Rebecca Furdek

In 2005, James Dupree bought a dilapidated warehouse and garage. Today, after almost a decade of steady investment and physical labor, the once-blighted space is now a vibrant 8,600-square-foot studio showcasing over 5,000 pieces of art.

In a Philadelphia neighborhood marked by vacant houses and parking lots, Dupree’s studio is a bright spot of entrepreneurship and esteemed cultural value. His paintings have won numerous awards, are displayed at the Philadelphia Museum of Art, and sell for upwards of $40,000 each. He has hosted and taught public art classes at his studio, and plans to launch a mentorship program for inner-city youth that focuses on fostering entrepreneurial and aesthetic appreciation skills.

However, “I definitely want a grocery store,” says Councilwoman Jannie L. Blackwell. And, decided the city council, a nice location for this grocery store would be on Dupree’s lot. While the building plan itself is essentially undetermined, with no potential tenant even identified yet, the city sent Dupree a letter to condemn his successful studio.

He has two choices. He can accept the pitiful sum – slightly over ¼ of its most recent appraised value –the city offered and painfully watch his decade of investment be bulldozed away, or he can fight.

He chose the latter. “I built this place up myself,” says Dupree. “I’m not just going to roll over and die.”

The letter was sent in December 2012. To this day, he continues to fight, and he recently painted on his studio’s exterior a mural featuring a grotesque human hand reaching for a building, with a warning below: “HANDS OFF My Business.” The mural and his story have, rightfully, captured national attention, as well as a renewed interest in the greater issue at stake – eminent domain.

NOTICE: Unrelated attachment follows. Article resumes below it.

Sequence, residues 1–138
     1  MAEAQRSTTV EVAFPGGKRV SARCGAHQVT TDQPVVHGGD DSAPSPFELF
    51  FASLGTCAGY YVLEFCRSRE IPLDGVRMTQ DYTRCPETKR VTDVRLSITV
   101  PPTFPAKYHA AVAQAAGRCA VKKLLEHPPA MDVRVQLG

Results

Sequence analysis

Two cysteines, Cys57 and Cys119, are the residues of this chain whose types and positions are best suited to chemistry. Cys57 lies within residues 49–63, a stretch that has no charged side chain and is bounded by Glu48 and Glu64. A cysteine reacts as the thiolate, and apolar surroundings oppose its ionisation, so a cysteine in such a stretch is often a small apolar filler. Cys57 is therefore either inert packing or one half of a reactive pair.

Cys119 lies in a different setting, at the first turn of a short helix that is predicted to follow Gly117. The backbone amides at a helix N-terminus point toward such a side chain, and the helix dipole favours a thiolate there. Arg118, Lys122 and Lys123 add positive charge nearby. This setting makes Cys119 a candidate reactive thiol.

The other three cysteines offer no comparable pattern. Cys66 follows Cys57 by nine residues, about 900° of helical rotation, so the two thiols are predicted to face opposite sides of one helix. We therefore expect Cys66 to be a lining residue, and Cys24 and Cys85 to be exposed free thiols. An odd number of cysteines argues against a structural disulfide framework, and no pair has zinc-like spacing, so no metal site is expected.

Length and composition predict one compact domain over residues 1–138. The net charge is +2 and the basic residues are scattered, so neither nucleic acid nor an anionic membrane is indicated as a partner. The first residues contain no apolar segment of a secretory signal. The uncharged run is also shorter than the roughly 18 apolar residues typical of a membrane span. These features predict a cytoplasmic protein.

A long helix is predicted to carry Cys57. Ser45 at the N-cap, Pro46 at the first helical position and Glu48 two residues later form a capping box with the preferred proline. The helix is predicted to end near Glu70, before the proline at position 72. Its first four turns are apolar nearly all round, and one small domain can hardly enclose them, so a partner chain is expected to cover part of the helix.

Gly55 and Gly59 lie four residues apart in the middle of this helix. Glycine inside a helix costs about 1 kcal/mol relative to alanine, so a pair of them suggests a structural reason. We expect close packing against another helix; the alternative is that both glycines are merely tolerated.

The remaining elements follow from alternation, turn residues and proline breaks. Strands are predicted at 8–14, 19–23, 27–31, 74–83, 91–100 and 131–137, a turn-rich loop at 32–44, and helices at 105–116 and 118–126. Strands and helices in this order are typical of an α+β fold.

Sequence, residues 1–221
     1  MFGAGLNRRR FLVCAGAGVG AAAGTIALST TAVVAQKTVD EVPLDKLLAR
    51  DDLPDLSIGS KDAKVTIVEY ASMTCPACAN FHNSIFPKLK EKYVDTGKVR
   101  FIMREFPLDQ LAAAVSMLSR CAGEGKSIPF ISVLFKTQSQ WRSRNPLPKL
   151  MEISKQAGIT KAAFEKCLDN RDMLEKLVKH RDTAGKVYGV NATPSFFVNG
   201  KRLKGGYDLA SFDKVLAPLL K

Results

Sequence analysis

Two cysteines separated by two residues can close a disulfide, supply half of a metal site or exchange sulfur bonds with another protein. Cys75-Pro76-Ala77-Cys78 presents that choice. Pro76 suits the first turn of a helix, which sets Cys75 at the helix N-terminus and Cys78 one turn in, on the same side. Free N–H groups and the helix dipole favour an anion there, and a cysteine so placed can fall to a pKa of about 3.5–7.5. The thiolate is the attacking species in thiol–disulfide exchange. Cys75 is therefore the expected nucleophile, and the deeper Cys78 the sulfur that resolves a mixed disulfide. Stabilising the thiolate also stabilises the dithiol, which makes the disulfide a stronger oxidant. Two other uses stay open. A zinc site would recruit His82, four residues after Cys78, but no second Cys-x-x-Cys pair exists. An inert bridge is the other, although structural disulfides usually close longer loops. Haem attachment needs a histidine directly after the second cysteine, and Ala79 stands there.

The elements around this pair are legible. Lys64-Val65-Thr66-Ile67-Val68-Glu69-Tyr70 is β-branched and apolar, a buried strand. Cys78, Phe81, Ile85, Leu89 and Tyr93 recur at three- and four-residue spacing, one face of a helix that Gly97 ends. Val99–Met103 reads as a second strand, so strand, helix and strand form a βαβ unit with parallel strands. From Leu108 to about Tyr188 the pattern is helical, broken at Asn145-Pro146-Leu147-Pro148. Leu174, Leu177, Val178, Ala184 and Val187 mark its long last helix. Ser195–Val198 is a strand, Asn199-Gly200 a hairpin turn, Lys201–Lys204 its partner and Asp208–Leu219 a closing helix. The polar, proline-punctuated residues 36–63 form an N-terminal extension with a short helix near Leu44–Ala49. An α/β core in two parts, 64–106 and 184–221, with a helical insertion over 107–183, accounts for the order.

Eminent domain is the process through which government is allowed to take private property to benefit the public use after providing just compensation to the original owner. Traditionally, this process would apply to largely undisputed investments such as a much-needed road or a new school. However, increasingly throughout the 20th century and even still today, far too much of this property is taken from individual property owners (often small businesses or homeowners) and being handed to other private entities, primarily corporate developers.

In essence, the government is abusing its eminent domain power by picking and choosing value among true property owners and wishful ones. All too often, bureaucrats decide if your property is worthy to withstand their own plans.

Eminent domain was, fortunately, scaled back a bit in the last few years, in light of the infamous Kelo case in 2005. There, the Supreme Court outrageously held that local officials can subject private property to eminent domain solely because they can imagine some alternate use for it that might possibly generate greater tax revenue. Suddenly, according to that logic, all homeowners were in danger. Legislation immediately reflected this public outcry and disgust, with 45 states quickly rewriting their eminent domain laws to provide more sound protection for property owners. Of course, such property grabbing was also slowed down by a sluggish economy in the past several years.